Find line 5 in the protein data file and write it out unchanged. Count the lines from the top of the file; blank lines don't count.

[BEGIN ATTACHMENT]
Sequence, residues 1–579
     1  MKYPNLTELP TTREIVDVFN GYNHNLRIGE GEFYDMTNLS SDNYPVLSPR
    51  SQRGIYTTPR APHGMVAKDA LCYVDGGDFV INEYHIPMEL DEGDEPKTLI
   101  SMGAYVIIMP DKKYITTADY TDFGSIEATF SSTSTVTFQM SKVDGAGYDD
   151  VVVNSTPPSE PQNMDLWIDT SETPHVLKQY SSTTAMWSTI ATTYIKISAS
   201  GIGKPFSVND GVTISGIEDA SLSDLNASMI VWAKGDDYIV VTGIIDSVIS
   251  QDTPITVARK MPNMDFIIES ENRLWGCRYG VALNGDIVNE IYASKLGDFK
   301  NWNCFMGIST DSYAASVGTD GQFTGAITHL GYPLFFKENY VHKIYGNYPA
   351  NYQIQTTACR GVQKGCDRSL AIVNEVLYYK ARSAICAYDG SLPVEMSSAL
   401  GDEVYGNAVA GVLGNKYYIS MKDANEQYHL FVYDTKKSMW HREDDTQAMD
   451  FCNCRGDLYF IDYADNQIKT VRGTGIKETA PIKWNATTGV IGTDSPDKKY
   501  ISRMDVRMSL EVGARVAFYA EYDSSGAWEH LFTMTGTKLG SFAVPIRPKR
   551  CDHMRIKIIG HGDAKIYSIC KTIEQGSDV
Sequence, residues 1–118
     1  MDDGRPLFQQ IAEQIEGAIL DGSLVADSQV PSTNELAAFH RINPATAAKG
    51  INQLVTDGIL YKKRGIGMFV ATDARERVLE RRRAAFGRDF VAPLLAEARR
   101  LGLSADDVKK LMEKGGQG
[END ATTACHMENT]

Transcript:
   151  VVVNSTPPSE PQNMDLWIDT SETPHVLKQY SSTTAMWSTI ATTYIKISAS